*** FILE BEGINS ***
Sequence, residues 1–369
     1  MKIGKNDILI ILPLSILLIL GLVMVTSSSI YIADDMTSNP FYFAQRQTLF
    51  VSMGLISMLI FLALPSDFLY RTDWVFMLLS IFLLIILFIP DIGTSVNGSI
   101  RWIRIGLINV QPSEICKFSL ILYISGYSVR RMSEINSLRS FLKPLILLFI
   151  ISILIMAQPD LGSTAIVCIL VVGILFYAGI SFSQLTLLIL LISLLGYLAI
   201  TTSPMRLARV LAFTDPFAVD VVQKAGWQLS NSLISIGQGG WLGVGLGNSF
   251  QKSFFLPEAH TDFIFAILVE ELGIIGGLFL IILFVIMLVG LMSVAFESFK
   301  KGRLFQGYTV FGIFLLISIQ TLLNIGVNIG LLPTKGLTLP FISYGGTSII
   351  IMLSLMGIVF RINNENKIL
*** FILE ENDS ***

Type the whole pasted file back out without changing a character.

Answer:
Sequence, residues 1–369
     1  MKIGKNDILI ILPLSILLIL GLVMVTSSSI YIADDMTSNP FYFAQRQTLF
    51  VSMGLISMLI FLALPSDFLY RTDWVFMLLS IFLLIILFIP DIGTSVNGSI
   101  RWIRIGLINV QPSEICKFSL ILYISGYSVR RMSEINSLRS FLKPLILLFI
   151  ISILIMAQPD LGSTAIVCIL VVGILFYAGI SFSQLTLLIL LISLLGYLAI
   201  TTSPMRLARV LAFTDPFAVD VVQKAGWQLS NSLISIGQGG WLGVGLGNSF
   251  QKSFFLPEAH TDFIFAILVE ELGIIGGLFL IILFVIMLVG LMSVAFESFK
   301  KGRLFQGYTV FGIFLLISIQ TLLNIGVNIG LLPTKGLTLP FISYGGTSII
   351  IMLSLMGIVF RINNENKIL